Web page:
Annette Kellerman was born 6th July, 1886, in Marrickville, NSW, and was the second of four siblings: she had two brothers Maurice (older brother) and Fred, and one sister, Marcelle.

Annette Kellerman married her manager James Sullivan in November 1912 in Connecticut.

Sullivan died in 1972 and Annette died on 5 November 1975, aged 88.

Do you have any stories or community information associated with this?

Annette Marie Sarah Kellerman was born 6 July, 1886, in Darlinghurst, Sydney to Frederick and Alice Kellerman. Suffering from rickets, Annette wore painful steel braces. She learned to swim and dive in Cavill's Baths at Farm Cove, soon mastering all the strokes and breaking records. "Only a cripple can understand the intense joy that I experienced when, little by little, I found that my legs were growing stronger and taking on the normal shape."

During the Depression Annette gave diving demonstrations in Melbourne and created her underwater mermaid show.

In 1904 Frederick persuaded Annette to swim the Thames from Putney Bridge to Blackwall Pier. Completing in 3 hours, 54 minutes she hit the headlines.

In 1906 Annette became the first woman to attempt the English Channel. After 3 tries she said she 'had the endurance, but not the brute strength.'

The Prince of Wales (later George V) invited Annette to give a diving demonstration at London's Bath Club. Annette attached stockings to her racing suit, otherwise too revealing. The Prince was delighted with both the demonstration and the scandalously skin-tight swimsuit!

In a race on the Seine Annette came 3rd against 17 men. On the Danube she knocked 15 minutes off the record.

From 1907 Annette created a mermaid act for the London Hippodrome, before touring the United States. Annette was arrested for indecent exposure in her racing suit on Revere Beach, Boston. She hit the world headlines, challenging that women's swimwear was akin to "swimming in chains." The publicity continued when Harvard Professor, Dudley Sargent, announced Annette's measurements a close match to Venus de Milo, and declared Annette the "perfect woman."

James "Jimmie" Sullivan took over from Frederick as Annette's manager and in 1912 they were married in Connecticut.

With the help of Leslie T. Peacocke, Annette developed an aquatic fantasy script for Universal Pictures. Shot in Bermuda, 'Neptune's Daughter' debuted on Broadway in 1914, grossing over a million dollars. In 1916 the first million dollar budget film A Daughter of the Gods was launched in which the fearless female lead appeared scandalously nude. Annette raised money for the Red Cross and with the War Benefit Concert in 1918. 

After the war Annette toured the world performing, film making and lecturing on physical fitness.

How does this garment relate to the wider historical context?

With the outbreak of WWII Annette and Jimmie settled briefly on Newry Island, just off the coast of Queensland. They then set about touring the east coast of Australia, and New Guinea, performing for Australian and American servicemen and raised the equivalent of over $50,000 for the Red Cross.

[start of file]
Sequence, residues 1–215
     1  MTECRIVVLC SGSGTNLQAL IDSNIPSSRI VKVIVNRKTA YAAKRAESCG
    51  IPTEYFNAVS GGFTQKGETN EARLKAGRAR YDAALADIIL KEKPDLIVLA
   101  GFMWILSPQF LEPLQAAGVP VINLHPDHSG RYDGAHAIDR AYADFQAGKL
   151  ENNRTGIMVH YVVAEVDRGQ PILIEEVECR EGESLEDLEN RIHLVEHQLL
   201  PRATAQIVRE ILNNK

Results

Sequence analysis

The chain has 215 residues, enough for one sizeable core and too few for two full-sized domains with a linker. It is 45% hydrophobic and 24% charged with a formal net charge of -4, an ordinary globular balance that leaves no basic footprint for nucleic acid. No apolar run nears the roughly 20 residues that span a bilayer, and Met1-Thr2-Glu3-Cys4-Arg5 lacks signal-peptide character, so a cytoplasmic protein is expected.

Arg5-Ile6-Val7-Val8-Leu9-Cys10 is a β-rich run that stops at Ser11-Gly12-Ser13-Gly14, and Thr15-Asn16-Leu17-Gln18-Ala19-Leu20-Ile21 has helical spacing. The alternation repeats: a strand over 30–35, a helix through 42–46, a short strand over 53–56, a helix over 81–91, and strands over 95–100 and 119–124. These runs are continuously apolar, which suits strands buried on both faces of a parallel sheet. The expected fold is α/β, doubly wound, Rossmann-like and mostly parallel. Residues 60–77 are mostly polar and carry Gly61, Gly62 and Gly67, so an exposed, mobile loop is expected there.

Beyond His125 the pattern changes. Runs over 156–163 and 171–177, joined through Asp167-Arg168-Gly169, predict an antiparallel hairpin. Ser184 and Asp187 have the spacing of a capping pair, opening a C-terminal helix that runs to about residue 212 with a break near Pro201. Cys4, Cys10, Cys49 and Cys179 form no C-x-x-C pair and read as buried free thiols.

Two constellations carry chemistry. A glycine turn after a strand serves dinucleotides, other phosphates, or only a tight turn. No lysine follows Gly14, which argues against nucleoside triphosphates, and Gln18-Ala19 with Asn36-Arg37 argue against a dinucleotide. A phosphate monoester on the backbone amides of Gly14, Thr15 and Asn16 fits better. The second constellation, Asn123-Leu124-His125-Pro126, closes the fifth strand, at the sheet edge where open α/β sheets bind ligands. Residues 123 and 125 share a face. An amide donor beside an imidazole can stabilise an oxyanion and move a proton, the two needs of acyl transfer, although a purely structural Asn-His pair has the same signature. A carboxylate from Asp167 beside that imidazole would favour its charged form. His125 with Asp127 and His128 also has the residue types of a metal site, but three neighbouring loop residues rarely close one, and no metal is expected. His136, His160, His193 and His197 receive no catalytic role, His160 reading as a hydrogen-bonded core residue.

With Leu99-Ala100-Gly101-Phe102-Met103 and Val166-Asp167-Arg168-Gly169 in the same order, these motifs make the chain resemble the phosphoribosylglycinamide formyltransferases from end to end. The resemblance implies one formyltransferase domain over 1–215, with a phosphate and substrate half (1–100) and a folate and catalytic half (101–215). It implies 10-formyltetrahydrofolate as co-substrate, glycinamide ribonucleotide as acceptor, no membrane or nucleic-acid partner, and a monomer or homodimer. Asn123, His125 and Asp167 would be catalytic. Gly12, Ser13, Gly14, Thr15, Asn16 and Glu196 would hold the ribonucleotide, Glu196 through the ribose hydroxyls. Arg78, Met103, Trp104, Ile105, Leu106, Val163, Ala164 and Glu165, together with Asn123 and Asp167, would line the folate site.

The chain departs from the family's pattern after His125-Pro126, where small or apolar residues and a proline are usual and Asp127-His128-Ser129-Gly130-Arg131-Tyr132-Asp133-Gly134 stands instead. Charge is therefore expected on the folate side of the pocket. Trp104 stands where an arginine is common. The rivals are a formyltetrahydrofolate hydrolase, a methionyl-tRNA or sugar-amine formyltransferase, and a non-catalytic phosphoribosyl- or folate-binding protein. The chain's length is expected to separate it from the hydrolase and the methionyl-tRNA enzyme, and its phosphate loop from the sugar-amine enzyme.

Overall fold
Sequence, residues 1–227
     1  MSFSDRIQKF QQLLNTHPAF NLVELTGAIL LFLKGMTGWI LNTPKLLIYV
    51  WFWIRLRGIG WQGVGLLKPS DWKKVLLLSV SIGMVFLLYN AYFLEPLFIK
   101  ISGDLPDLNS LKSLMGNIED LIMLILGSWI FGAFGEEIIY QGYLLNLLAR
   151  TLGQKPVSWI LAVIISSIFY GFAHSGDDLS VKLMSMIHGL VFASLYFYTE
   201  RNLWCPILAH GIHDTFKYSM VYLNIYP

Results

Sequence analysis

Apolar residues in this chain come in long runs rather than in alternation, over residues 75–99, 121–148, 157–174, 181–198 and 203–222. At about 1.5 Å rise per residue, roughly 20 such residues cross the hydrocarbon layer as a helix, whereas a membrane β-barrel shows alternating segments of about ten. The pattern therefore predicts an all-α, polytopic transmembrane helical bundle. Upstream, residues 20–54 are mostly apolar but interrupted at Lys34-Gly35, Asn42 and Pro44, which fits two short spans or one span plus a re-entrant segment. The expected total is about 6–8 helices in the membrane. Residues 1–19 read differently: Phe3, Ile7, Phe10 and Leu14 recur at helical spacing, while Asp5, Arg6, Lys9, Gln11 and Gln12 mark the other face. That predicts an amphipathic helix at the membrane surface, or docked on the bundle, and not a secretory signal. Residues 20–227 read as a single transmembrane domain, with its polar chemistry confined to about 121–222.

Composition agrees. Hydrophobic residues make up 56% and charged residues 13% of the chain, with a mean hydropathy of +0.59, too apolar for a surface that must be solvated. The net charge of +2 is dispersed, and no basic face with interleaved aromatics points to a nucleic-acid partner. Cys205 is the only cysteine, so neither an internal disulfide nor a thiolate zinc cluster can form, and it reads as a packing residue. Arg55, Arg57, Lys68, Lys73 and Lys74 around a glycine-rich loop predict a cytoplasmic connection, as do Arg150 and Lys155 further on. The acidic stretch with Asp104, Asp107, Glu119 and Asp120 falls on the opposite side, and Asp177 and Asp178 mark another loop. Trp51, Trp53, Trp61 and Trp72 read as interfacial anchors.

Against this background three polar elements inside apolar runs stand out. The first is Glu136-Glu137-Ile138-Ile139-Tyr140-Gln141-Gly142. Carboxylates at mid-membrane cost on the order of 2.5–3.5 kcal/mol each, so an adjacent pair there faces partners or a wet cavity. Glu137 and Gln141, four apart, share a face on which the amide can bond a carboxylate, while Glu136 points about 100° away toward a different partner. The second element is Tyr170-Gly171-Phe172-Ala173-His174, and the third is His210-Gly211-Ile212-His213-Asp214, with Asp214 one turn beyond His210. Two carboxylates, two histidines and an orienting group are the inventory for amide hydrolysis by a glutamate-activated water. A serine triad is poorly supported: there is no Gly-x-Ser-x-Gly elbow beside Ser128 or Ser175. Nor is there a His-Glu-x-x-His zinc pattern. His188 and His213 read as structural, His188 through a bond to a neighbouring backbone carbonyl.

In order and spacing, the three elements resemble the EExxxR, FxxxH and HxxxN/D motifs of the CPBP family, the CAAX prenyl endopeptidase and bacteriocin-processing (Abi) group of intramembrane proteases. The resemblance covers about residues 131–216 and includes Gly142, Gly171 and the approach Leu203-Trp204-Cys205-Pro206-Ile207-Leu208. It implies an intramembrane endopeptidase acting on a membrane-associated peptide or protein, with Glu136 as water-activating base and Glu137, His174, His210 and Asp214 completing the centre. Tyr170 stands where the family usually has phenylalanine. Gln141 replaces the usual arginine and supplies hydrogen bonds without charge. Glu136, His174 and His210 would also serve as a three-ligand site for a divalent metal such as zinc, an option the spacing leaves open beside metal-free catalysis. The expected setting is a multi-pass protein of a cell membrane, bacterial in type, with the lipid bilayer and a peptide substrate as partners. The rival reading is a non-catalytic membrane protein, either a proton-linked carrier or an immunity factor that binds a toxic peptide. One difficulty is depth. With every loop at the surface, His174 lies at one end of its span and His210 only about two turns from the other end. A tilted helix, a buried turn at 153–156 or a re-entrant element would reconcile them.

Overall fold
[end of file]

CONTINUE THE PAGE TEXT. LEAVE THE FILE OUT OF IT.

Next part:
In 1952 Annette was engaged by M.G.M. as technical adviser on a film about her life called "Million Dollar Mermaid" that starred Esther Williams. Annette and Jimmie remained in America for a time, running a chain of health food stores, before deciding to return to Australia in 1956 for good.

They lived together on the Gold Coast until Jimmie's death in 1972; he and Annette had been married for sixty years.In 1974 Annette was inducted into the International Swimming Hall of Fame in Fort Lauderdale, Florida.

Annette donated her collection of papers and memorabilia to the Dennis Wolanski Library and Archive of the Performing Arts at the Sydney Opera House in September 1975.

Annette Kellerman died on the 8th November, 1975, and her ashes were scattered on the Great Barrier Reef.

When the Opera House closed the Dennis Wolanski Library in 1996 the collection was split, with the papers and photographs transferred to the State Library of New South Wales and the extensive collection of costumes and other artefacts transferred to the Powerhouse Museum.

This costume relates to the development of stage shows and film making in the early 20th century.

The use of sequins and other reflective decorations, such as diamantes, is common throughout the Kellerman collection, probably as they were the best way to create the impression of scales, while at the same time remaining relatively beautiful due to their colour and reflective nature; the same applies to the use of tulle to mimic seaweed in both appearance and movement underwater.

Where did this information come from?

The Powerhouse Museum's Ke-EMu catalogue for item 2000/66/47, prepared by Peter Cox, Curator.

Transcript of 'Venus of the South Seas - The Annette Kellerman Collection: an illustrated talk' given by Einar Docker, Collections Officer, at the Powerhouse Museum in 2009.

Research report prepared by Einar Docker, Collections Officer, prepared in 2009.

Transcript of an interview with Barbara Firth, member of the Opera House Ladies Committee, who had responsibility for the Annette Kellerman Collection for over a decade, conducted in 2009.

Cox, Peter - 'Annette Kellerman - Venus of the South Seas', Modern Times: the untold story of modernism in Australia (Ann Stephen, Philip Goad and Andrew McNamara eds). Carlton: Miegunyah Press, 2008.

Notes by Annette Kellerman

Notes by Marcelle Wooster (nee Kellerman)

Valerie Robinson and David Cowell "Annette Kellerman: Australia's Million Dollar Mermaid"

This garment has been exhibited

Dress only

"Watermarks" Australian National Maritime Museum, 2001 - 2003

"Exposed! The story of swimwear" Australian National Maritime Museum, 2 July - 25 October 2009

  1. Place of origin:

    Possibly USA

  2. Owned by:

    Annette Kellerman until 1975

    Sydney Opera House Performing Arts Archive 1975 - 1999